The formerly German town of Kaysersberg (pop 2,700), with its pinkish landscape (thanks to its huddle of sandstone medieval buildings), is a fine stopover destination on the Alsace Wine Route. Reputed to be one of the prettier towns on the vineyard-filled trail, this picture-perfect town stands just a few kilometres northwest of Colmar and is home to a good cluster of Renaissance and Baroque structures.

In the centre of Kaysersberg stands its 17th century Hôtel de Ville, an ornate building beside another medieval building- the red-sandstone 12th to 15th century Église Ste Croix.  The Ste-Croix church has an altar with a haut-relief panel of the Passion and the Resurrection.  The reddish fountain that displays a statue of the Emperor Constantine opens up the pathway to the main street, avenue du Général de Gaulle, which leads you to a group of half-timbered, baroque-style houses. Make your way further down, to sight the fortified bridge that was built in 1514 to expand the River Weiss.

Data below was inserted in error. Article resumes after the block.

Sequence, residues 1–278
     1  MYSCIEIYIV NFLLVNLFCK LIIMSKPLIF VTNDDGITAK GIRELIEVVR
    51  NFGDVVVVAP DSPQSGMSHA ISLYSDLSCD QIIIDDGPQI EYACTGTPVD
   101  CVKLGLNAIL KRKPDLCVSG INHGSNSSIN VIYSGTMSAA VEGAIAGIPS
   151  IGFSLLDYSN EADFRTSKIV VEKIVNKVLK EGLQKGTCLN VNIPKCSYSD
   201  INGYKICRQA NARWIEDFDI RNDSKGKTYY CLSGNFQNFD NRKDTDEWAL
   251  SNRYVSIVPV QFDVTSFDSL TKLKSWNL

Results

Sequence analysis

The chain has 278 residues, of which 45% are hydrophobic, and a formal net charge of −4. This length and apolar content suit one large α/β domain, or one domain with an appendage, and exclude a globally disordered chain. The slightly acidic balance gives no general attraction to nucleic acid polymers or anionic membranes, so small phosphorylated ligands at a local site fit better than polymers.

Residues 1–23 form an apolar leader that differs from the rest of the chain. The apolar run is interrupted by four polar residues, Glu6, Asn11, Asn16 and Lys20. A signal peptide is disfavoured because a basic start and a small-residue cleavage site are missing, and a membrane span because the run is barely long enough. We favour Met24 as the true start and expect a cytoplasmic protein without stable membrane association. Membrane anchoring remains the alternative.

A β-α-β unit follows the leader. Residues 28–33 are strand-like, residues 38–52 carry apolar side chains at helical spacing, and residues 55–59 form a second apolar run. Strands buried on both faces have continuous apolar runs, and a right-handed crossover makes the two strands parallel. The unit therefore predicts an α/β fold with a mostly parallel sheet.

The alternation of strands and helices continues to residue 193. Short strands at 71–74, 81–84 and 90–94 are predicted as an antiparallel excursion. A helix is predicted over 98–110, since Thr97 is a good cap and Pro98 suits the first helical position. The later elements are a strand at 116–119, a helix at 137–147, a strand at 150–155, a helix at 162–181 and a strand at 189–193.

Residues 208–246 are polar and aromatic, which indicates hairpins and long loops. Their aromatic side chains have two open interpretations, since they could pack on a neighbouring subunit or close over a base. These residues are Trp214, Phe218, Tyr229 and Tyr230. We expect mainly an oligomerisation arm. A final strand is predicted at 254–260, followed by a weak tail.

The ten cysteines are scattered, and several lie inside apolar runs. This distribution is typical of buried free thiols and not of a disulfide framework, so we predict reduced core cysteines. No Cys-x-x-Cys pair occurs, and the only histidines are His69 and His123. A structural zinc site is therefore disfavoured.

You can see skilled glass-blowers practising their ancient craft at the popular Verrerie d'art de Kaysersberg [30 rue du Général de Gaulle, +33 389471497, www.verrerie-kaysersberg.fr].  The Musée Albert Schweitzer [126 av Général de Gaulle, www.ville-kaysersberg.fr/musee-albert-schweitzer.htm, ad/ch €2/1] is set in the house of the Nobel Peace Prize winner who is accredited with the many medical missionary projects, most notably the Schweitzer Hospital in Gabon, Africa.  This museum documents his life and various achievements.

If you make wander a few minutes uphill from the centre of Kaysersberg, you will arrive at the Château de Kaysersberg- a fortress castle that was erected back in the 13th century. Intended to keep off invaders from the Vosges Mountains route to Lorraine, the castle also comprises of bits and pieces from the 16th century (due to restoration works).





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KAYERSBERG1. Église Ste Croix  2. Musée Albert Schweitzer